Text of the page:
Electronics are on more students' back-to-school shopping list [Tulsa World, Okla.]By Robert Evatt, Tulsa World, Okla.McClatchy-Tribune Information Services
Aug. 12-- Getting ready for school has always involved more gear than just books.
But in this increasingly digital age, an increasingly large chunk of back-to-school shopping involves all kinds of electronics and gizmos.
College students in particular tend to need the most new device because they're moving out and can no longer borrow their parents' laptop for a quick term paper.
The National Retail Federation's latest back-to-school survey indicated 54 percent of college students will buy a new computer, music player, smartphone or other device for school, up from 45.8 percent last year.
The average college student is slated to spend $216.40, though freshmen who are just moving out and getting started are likely to spend an average of $262.58, the NRF estimated.
There's a dizzying array of devices available, so we've compiled a list on page E5 of some of the more useful and interesting ones to help out budding scholars.
Don't head to college without finding out what kind of gadgets you'll need to succeed. From wireless printers and laptops to HDTVs and headphones, it's important to find out what works best for your school and your pocketbook. World Staff Writer Robert Evatt gives his insight below after speaking with Lucas Nickell, a computer sales associate at Best Buy Tulsa Hills, and Ike Barrett, assistant manager at Target Tulsa Hills.
$199 (Best Buy)
Living with a roommate requires some adjustment. If your roommate is busy studying or trying to sleep, it's bad form to blast out the Passion Pit album. Earbuds are nice, but traditional headphones are the best way to be polite without sacrificing sound quality. The Beats by Dr. Dre line of headphones are new and upscale but are already becoming known for delivering great sound, Nickell said.
Samsung Galaxy Tab II 7.0
8GB, $249.99 (Best Buy)
Nickell said tablets are becoming more and more useful for college students. They can display e-textbooks, play music and video and even double as a work computer with optional keyboard attachments. iPads tend to be the top sellers, but Nickell said the Galaxy Tab II is a great alternative that's smaller and cheaper.
Netgear Wireless AC Gigabit wireless router
$199.99 (Best Buy)
Wireless devices still need to communicate with the outside world, so routers are absolutely necessary utilities. There's a range of choices out there, though Nickell said this model takes advantage of the new 802.11ac standard, which can push out data as fast as a gigabit per second. Many colleges boast top-of-the line Internal networks, so this Netgear router could be a great way to take advantage of them.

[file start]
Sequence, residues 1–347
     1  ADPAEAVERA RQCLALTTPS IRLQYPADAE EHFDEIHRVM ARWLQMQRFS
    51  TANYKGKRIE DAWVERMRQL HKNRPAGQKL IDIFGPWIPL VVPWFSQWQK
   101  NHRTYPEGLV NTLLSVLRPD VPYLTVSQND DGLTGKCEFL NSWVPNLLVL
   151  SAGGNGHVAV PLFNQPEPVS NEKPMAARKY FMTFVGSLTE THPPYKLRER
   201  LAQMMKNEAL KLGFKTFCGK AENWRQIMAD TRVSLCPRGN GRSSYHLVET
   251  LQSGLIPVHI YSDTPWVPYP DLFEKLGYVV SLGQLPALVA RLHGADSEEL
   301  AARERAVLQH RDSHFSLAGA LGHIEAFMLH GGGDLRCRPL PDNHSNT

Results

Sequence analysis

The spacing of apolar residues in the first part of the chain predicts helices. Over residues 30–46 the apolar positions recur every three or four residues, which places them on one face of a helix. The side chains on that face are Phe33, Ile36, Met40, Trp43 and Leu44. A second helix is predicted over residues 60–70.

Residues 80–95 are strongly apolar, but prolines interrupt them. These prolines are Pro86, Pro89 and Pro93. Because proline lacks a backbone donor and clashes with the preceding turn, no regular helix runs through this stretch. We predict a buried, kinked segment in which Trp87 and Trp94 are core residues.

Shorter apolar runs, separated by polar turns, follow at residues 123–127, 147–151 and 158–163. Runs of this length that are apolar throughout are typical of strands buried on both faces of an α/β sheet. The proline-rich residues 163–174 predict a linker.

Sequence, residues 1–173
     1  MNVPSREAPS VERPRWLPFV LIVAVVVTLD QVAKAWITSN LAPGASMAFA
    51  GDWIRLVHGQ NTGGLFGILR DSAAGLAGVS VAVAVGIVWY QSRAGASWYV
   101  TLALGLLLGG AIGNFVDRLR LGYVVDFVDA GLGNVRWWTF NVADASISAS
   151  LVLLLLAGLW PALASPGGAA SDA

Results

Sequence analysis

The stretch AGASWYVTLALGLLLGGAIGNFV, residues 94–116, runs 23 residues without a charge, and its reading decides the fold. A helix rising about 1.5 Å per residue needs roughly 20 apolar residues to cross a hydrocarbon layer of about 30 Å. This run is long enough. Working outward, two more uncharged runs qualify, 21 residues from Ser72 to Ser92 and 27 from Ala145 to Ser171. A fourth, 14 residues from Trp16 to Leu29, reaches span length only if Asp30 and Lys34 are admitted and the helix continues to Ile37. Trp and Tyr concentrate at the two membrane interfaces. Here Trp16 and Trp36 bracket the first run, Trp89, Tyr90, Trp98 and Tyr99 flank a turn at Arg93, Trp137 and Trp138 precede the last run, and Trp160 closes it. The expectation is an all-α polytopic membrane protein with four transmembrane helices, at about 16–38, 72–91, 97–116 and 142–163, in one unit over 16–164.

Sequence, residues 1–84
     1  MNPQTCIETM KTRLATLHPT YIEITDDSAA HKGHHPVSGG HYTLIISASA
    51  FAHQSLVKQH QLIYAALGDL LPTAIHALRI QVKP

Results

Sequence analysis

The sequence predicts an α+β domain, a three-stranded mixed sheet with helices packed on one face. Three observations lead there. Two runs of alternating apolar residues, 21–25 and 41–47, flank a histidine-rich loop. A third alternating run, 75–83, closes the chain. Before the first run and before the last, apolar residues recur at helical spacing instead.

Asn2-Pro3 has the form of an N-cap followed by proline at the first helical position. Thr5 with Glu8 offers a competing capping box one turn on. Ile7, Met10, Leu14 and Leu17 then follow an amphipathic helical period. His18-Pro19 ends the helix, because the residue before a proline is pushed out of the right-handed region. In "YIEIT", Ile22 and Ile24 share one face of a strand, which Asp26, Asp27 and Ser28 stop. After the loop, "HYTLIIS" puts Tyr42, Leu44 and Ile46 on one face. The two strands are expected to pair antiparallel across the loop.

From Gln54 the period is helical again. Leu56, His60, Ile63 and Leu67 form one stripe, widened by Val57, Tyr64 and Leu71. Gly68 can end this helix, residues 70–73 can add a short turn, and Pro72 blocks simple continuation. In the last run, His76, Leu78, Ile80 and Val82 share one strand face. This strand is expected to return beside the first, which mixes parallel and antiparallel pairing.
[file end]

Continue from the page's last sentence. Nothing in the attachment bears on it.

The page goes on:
HP i5-3210M Laptop
$629.99 (Best Buy)
Laptops are still one of the most popular computers for college students due to their power, flexibility and easy portability, Nickell said. Very, very few are choosing traditional desktops anymore. Nowadays, students often choose laptops based on amenities like screen size or speaker quality. By those standards, Nickell said this HP laptop is a good choice.
Roku 2 XC
Roku boxes have become one of the more popular brands for streaming solutions. While many newer TVs and Blu-Ray players have streaming built in, small and inexpensive streaming devices can bring these capabilities to older TVs. Additionally, the Roku automatically works with a wide range of services beyond Netflix, so users aren't locked into just one.
Epson Stylus NX230 wireless printer
Portability and interconnectivity are two of the main features space-strapped college students are looking for, and this printer has them both, Barrett said. Rather than hike to a computer lab, students can use the Epson Stylus to print their work. Barrett said that because it links to computers wirelessly, he's heard of several college students getting one to share.
Samsung 22-inch 1080p 60hz LED HDTV
Students can easily watch a variety of media on tablets or laptops, but there's something to be said for size. HDTVs continue to get thinner, better and, most importantly, cheaper, so they're within reach of a wider range of budgets. This Samsung model offers a sharp 1080p display at a fair price, though Barrett said his store usually has sales on certain models on any given week.
TI-30X 11s scientific calculator
It would seem that scientific and graphing calculators would be obsolete in the age of smartphones, though Barrett said teachers still prefer the long-running Texas Instruments calculators because they ensure all students have the same functions and aren't finding a way to cheat. There's a range of increasingly complex TI calculators available, though Barrett said the TI-30X 11s is likely enough for all but dedicated math and science majors.
Robert Evatt 918-581-8447
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